Either the guards remembered him from earlier or they were simply accustomed to wizards coming and going. They didn’t question him. And Korin had no trouble finding his way back to the rooftop garden where Sheluna was holding court.

This time, he walked boldly forward, ignoring the other wizards, the familiars, and even the tiger that sat up at Korin’s approach.

Sheluna was talking to two other wizards—Samir and someone Korin didn’t know. She waved them away at Korin’s approach. Her strange red eyes began to glow softly. Korin didn’t know what to read from that, but he refused to be intimidated.

“Tell me it wasn’t you.”

Korin watched her face for every move, every twitch. As her brows pulled together in what seemed to be honest confusion. If she was feigning, she was doing it well. But then, Korin expected Archwizard Sheluna zhi Darkivel to be an expert at lying.

“Whatever accusation you’re here to make, I’m afraid I’m going to need more information.”

Korin noted that Samir had taken a step forward, and that the tiger’s attention on Korin had sharpened. Everyone was watching him. That was fine. Let them all listen.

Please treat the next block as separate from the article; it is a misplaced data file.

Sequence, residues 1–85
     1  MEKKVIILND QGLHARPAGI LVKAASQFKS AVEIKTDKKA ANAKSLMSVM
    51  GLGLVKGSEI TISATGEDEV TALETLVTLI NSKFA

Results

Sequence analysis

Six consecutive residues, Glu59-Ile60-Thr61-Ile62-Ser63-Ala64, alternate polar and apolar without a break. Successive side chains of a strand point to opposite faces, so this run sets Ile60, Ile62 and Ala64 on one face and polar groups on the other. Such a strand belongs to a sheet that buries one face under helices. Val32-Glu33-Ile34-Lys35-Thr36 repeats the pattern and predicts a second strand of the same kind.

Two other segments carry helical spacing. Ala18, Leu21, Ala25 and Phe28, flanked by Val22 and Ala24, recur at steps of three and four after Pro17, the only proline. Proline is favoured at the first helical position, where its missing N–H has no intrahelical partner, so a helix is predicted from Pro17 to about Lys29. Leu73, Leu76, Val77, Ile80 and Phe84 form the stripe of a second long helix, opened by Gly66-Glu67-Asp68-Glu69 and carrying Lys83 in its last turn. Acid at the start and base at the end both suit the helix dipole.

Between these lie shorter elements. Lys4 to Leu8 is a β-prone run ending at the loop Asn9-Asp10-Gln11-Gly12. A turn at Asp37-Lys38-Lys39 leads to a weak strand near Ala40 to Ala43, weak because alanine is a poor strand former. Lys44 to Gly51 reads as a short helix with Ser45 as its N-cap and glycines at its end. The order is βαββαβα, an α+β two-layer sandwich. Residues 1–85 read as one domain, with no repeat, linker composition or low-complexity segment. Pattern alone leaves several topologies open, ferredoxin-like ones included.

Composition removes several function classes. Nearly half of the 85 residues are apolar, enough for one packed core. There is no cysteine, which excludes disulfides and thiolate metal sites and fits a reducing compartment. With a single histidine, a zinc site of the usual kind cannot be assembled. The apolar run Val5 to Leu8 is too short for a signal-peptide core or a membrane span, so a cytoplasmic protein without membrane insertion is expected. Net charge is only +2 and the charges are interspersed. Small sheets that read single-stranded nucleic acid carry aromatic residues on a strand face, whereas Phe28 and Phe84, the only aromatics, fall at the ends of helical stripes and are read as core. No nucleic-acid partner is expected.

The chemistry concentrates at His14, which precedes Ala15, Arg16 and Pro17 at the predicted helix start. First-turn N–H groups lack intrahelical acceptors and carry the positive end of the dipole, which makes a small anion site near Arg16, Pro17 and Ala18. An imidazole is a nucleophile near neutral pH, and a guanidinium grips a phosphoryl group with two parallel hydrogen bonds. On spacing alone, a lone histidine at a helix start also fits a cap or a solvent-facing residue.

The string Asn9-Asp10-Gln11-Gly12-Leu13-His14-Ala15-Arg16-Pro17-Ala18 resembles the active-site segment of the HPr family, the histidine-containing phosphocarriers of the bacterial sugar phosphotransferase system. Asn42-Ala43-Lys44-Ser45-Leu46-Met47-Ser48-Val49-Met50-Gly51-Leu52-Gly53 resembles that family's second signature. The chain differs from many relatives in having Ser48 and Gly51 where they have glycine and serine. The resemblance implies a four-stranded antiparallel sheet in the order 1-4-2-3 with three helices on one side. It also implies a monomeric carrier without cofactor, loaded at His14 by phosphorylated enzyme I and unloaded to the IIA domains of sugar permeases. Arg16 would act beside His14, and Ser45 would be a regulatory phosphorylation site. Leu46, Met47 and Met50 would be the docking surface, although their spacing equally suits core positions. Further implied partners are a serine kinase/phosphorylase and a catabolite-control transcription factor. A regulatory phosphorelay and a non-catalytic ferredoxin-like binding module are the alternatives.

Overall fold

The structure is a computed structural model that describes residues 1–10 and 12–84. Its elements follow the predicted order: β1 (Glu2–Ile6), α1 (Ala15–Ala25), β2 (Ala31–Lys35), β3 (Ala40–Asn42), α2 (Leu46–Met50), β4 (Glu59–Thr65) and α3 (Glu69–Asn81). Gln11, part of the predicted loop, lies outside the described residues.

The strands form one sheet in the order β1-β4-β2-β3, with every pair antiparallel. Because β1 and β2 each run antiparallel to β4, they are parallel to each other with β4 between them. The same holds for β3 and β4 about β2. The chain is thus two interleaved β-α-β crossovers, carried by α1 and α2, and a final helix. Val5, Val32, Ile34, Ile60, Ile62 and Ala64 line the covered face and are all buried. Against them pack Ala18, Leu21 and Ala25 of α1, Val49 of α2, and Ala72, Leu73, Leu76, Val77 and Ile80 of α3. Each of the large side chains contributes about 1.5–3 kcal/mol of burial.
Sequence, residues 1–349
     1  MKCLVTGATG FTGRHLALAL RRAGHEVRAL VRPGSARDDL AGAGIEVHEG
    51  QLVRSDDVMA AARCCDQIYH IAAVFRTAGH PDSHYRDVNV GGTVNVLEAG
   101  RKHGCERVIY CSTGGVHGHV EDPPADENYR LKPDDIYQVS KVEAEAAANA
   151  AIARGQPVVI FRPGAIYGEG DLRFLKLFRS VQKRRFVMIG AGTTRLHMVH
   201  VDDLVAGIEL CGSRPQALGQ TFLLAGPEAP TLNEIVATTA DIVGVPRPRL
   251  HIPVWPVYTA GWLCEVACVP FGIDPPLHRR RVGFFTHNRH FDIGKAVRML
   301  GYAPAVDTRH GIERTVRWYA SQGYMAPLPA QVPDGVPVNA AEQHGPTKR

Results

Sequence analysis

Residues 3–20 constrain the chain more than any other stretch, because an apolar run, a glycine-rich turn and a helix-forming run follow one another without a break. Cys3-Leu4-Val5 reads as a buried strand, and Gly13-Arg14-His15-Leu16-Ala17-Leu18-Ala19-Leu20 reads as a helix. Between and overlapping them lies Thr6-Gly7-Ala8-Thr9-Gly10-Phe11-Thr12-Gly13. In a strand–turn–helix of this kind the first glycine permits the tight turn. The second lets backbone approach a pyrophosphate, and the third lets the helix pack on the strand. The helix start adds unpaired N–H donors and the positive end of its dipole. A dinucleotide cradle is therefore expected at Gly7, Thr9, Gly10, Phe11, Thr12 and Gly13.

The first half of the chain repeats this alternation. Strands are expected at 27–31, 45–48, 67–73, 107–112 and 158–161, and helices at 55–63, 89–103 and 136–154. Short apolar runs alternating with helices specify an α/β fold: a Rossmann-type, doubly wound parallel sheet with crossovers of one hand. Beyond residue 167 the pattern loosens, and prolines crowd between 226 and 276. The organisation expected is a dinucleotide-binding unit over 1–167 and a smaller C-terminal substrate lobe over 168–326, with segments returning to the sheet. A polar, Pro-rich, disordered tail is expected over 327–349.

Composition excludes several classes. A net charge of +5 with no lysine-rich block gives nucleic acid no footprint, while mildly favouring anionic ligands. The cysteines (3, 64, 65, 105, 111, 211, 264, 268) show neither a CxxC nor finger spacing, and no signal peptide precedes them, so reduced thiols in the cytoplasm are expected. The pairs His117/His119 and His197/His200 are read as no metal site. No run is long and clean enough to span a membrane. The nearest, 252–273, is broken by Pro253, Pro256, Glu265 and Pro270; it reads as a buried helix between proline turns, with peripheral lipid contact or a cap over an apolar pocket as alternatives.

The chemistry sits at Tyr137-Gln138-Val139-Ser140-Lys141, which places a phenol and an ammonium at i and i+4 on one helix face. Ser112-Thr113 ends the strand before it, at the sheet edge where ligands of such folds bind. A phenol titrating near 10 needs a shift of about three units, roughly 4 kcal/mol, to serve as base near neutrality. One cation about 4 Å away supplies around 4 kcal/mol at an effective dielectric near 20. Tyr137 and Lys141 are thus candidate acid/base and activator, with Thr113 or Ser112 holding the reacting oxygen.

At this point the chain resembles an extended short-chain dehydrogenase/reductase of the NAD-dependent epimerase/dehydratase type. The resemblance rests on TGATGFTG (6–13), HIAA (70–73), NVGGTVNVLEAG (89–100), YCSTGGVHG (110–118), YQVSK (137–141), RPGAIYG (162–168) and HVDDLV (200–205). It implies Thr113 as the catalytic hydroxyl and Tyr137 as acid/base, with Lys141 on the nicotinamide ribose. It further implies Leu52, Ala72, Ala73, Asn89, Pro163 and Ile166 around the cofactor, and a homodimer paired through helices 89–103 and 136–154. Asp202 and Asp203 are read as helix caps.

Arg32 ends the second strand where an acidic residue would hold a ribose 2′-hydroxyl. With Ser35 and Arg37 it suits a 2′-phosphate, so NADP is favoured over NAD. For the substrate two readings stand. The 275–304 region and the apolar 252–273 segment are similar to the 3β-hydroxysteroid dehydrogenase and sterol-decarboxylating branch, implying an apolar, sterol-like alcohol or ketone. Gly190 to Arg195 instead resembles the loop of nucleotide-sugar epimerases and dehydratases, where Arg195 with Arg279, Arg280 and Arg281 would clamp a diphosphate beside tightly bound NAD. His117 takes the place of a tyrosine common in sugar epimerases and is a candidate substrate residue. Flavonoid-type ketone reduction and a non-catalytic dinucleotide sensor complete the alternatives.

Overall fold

“Someone is hurting people.” Korin kept his voice even and calm, although pitched loud enough to carry across the garden. “Someone—a wizard—has been undoing the healing that I have done. I’m here to tell you that it’s going to stop. Now.”

Again, he studied Sheluna’s face as he made his pronouncement, but saw no change in her expression. No ripple of anything that could be read as evasion or guilt. So either she was honestly surprised by his pronouncement or she was good enough to hide her deception from Korin.

Either answer was possible.

“Why come to me with this?” she asked. Her voice, the neutral expression on her face—neither gave any hint of what she might be thinking. “Why bring these accusations to my doorstep?”

“You said it last time I was here, that there were wizards of your order who were upset with the fact I’ve been helping people for free. And this magic, it isn’t something that’s going to be familiar to wizards in any order but yours.”

“Or yours.”

Obviously. But Korin knew this much, even if she didn’t. “There are no other wizards of my order in the city.”